The inherent characteristics of the battlefield in cold weather pose challenges that necessitate appropriate measures for feeding‭, ‬clothing‭, ‬sheltering‭, ‬transporting‭, ‬and manoeuvring an army operating in such a climate‭. ‬The success of any military operation in temperatures below freezing relies on specialized adaptations‭. ‬Efficient manoeuvring in harsh weather conditions and unforgiving terrains places one factor at the forefront‭: ‬time‭. ‬Any activity in such climates consumes more time‭, ‬affecting tactics‭, ‬equipment‭, ‬and gear‭. ‬Weaknesses become apparent in terms of injuries caused by nature and morale‭.‬

Cold Weather and NATO

Warfare in the Arctic region involves military operations on land and sea under extreme conditions of snow‭, ‬ice‭, ‬and extreme cold‭. ‬The term‭ “‬Arctic warfare‭” ‬is often used interchangeably with winter warfare‭, ‬but Arctic warfare specifically refers to operations in an environment with extreme temperatures‭. ‬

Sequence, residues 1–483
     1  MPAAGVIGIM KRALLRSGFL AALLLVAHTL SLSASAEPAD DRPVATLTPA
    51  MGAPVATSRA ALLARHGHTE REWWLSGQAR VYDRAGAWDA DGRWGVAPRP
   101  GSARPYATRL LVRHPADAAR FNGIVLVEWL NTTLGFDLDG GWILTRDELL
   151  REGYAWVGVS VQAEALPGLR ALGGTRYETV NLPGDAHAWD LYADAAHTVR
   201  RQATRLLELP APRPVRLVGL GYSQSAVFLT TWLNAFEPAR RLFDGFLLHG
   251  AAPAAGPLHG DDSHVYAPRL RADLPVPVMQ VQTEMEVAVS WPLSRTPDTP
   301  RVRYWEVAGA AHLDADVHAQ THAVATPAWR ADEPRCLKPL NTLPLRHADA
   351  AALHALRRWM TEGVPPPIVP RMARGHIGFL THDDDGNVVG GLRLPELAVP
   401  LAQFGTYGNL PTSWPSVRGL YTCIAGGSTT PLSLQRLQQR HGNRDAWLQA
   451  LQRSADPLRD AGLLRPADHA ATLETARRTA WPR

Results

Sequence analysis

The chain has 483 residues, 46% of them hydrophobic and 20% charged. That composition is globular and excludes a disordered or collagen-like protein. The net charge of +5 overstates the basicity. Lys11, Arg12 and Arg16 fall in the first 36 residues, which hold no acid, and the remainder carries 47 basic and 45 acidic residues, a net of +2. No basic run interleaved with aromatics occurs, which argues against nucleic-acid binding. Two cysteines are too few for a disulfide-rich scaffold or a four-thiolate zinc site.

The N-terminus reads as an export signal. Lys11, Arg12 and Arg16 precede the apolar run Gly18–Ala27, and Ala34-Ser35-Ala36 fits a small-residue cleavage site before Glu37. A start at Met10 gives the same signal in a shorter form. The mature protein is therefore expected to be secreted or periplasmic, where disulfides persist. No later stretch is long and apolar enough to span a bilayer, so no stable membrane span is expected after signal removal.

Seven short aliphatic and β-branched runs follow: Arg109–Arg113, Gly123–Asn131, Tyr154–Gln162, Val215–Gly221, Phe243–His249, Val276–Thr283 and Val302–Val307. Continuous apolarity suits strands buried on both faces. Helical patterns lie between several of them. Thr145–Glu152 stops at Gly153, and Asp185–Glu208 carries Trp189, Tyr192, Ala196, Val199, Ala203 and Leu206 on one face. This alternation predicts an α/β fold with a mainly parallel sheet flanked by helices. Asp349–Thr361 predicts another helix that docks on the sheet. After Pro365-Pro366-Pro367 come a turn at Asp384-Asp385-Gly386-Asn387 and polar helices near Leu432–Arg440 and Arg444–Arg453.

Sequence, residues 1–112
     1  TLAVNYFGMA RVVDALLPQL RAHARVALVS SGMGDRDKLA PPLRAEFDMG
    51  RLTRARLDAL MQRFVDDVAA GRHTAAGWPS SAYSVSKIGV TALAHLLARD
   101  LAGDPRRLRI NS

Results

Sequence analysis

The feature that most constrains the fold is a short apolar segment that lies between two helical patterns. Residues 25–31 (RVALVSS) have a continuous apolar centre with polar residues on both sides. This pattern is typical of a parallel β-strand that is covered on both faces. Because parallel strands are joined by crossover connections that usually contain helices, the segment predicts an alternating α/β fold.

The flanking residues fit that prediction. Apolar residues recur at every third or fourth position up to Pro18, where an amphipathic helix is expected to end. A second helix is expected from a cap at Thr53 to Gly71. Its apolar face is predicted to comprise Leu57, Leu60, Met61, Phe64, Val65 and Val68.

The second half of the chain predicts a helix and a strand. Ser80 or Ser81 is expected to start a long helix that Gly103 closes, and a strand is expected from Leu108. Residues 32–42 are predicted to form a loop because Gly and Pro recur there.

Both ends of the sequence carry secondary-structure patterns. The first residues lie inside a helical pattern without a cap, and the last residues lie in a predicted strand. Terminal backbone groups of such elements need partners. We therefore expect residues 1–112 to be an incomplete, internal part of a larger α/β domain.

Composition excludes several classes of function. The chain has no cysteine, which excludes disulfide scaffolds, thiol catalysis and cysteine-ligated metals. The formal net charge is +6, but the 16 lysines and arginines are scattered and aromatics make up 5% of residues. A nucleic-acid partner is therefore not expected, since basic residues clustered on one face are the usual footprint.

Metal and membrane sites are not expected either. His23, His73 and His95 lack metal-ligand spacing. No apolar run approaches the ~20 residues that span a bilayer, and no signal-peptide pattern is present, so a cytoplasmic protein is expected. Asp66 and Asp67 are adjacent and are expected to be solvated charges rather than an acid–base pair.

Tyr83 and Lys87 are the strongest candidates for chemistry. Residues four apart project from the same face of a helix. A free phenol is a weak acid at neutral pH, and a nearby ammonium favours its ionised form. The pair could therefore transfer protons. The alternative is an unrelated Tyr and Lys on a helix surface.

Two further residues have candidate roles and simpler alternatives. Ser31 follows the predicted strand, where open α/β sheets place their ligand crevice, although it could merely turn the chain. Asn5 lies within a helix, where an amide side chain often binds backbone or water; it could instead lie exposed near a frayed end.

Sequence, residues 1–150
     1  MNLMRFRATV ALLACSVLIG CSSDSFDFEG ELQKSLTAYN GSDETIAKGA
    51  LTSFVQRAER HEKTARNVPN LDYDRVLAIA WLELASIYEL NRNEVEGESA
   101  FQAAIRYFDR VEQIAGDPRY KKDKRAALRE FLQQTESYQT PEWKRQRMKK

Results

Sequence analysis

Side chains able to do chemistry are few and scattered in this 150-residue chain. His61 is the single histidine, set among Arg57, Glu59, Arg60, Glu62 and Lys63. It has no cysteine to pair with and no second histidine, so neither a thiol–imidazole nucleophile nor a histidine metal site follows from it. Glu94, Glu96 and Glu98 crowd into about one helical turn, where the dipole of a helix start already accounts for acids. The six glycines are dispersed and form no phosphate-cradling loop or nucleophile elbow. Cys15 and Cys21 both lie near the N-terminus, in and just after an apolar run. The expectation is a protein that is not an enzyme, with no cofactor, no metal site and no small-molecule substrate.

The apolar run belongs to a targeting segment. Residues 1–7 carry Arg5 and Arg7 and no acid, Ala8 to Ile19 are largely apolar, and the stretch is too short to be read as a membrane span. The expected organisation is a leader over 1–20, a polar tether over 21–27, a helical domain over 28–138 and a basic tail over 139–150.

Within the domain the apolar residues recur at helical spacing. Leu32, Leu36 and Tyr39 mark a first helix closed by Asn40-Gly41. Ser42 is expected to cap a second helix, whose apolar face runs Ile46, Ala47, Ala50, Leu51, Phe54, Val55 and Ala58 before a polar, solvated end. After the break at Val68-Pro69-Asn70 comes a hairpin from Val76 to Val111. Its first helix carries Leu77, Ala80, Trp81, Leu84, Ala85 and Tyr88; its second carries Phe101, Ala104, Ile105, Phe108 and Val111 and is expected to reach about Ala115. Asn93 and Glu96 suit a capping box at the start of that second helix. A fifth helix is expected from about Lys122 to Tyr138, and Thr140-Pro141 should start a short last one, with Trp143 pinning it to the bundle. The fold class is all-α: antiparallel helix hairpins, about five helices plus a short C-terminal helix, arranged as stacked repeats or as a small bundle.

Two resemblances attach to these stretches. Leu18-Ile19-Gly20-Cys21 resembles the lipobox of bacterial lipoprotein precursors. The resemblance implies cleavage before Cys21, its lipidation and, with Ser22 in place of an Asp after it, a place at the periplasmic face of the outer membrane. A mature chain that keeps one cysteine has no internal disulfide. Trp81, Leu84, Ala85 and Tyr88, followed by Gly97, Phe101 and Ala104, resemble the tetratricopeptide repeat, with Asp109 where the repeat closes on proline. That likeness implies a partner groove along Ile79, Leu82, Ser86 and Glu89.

In contrast‭, ‬winter warfare encompasses various operational environments depending on temperatures and geographic location‭. ‬Highlighting these differences is crucial due to the specific requirements and subsequent measures needed by the active party waging‭ ‬war in Arctic climates‭. ‬

Freezing temperatures‭, ‬harsh weather‭, ‬and the harshness of nature serve as constant reminders to any party engaged in Arctic warfare of its challenging conditions‭.‬

Everything takes time‭, ‬whether it’s hiding or maintaining slowly deteriorating equipment‭, ‬and maintaining combat readiness‭. ‬

Moreover‭, ‬being surrounded by deep snow inevitably poses logistical nightmares‭. ‬Limited or nonexistent transportation routes and‭ ‬the white landscapes to the extent that any features diminish put improvisation and creativity to the test‭.‬

These characteristics are essential for mastering the art of Arctic warfare and efficiently confronting the wrath of nature‭. ‬Cold-to-freezing climatic zones pose a significant challenge to humans and their equipment‭. ‬